Or try Tin Cup Chalice, another one of my favorites. It’s a little ditty about a simple life. The point is that sailboats are meant to be sailed; The sun shall shine; and people should enjoy their short lives. There’s so much joy when Buffett sings, “Give me oysters and beer / For dinner every day of the year / And I’ll be fine, I’ll be fine.”

Or take “He went to Paris”. It tells the story of an old man who has quietly lived a fulfilling life – a life full of tragedy, touching moments and glorious moments. It’s not subtle. It’s sincere. The “magic” and “tragedy” in a man’s life is distilled through the man’s story—not through metaphor or sleight of hand.

Smaller musicians could have done “Cheeseburger” or “Margaritaville”. But to be honest, lesser-known musicians wouldn’t have gotten their hands on these cheesy hits. The was Buffett’s superpower — he was sincere and living this life sincerely. That means you could actually find him in the Keys.

After writing about Jimmy Buffett Summer in May, I spoke to a person who worked closely with Buffett. The person spoke enthusiastically about Jimmy – and confirmed that he was indeed who you hoped he was. Jimmy Buffett was a good man who liked sailing, warm weather, great friends, and good songs. Sure, you could portray him as an empire builder born of cheesy songs. And yes, Buffett has raked in tons of dollars through clever branding. But the man pulled off the small miracle of making the boomers relax — he earned every penny.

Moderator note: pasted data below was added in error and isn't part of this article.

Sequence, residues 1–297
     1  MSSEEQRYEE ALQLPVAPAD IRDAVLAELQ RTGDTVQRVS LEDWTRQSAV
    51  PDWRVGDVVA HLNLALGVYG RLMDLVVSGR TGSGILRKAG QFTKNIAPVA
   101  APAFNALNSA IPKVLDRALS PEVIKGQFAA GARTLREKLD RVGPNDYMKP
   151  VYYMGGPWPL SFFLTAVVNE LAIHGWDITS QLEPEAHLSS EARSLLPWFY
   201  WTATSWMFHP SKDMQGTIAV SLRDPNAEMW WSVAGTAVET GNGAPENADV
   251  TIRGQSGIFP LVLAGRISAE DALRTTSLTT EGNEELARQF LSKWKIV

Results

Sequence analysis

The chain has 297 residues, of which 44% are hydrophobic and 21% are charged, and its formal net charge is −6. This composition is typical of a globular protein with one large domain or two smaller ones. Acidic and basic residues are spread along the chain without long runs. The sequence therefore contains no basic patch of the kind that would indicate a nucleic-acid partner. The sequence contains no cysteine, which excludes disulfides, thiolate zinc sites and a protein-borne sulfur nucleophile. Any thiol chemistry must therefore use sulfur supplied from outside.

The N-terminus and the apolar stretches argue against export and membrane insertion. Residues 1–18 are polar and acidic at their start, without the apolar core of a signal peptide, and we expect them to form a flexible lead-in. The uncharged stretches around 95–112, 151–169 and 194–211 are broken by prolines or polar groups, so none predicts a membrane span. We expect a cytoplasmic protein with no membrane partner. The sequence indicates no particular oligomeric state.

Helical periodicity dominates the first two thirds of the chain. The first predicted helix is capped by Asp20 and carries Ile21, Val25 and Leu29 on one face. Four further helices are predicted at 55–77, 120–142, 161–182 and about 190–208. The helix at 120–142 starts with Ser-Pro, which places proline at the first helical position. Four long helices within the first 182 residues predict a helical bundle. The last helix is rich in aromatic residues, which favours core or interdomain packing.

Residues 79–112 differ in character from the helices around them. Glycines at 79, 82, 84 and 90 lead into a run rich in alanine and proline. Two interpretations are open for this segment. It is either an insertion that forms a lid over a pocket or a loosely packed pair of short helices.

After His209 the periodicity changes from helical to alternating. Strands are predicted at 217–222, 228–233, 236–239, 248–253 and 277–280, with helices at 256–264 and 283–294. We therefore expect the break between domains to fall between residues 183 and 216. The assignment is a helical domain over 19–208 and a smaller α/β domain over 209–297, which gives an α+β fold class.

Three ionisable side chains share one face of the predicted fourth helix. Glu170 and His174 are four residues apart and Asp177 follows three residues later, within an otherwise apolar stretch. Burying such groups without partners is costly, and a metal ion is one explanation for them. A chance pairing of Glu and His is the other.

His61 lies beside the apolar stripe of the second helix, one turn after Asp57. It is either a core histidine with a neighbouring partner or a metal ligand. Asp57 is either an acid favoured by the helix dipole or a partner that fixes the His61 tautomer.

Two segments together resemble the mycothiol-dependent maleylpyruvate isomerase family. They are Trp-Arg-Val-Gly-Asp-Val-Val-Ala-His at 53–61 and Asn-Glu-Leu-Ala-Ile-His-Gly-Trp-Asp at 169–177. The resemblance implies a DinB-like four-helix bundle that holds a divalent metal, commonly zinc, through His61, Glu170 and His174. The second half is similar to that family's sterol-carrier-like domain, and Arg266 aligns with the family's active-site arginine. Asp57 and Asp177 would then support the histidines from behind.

I think the world could use more of Jimmy’s sincerity in his absence. Cynical people out there might dismiss his music as mediocre – too obvious. Honestly, I would normally fit that bill. My three favorite music acts are, in any order, the best bar band in the world, an indie musicians supergroup, and a defunct Canadian band with a poet. But through a back door, because I wanted to drink margaritas in a Hawaiian shirt, I fell in love with Buffett.

The apathy towards Buffett’s work reminds me oddly of reviews of the punk band Idles, another of my favorite bands. Idles writes brash, loud music that is explicitly and blatantly pro-immigrant, anti-fool, and pro-diversity. It’s loud and angry, and the polar opposite of Buffett’s work at first glance and in volume. But keep in mind that Idles titled their groundbreaking album Joy as an Act of Resistance.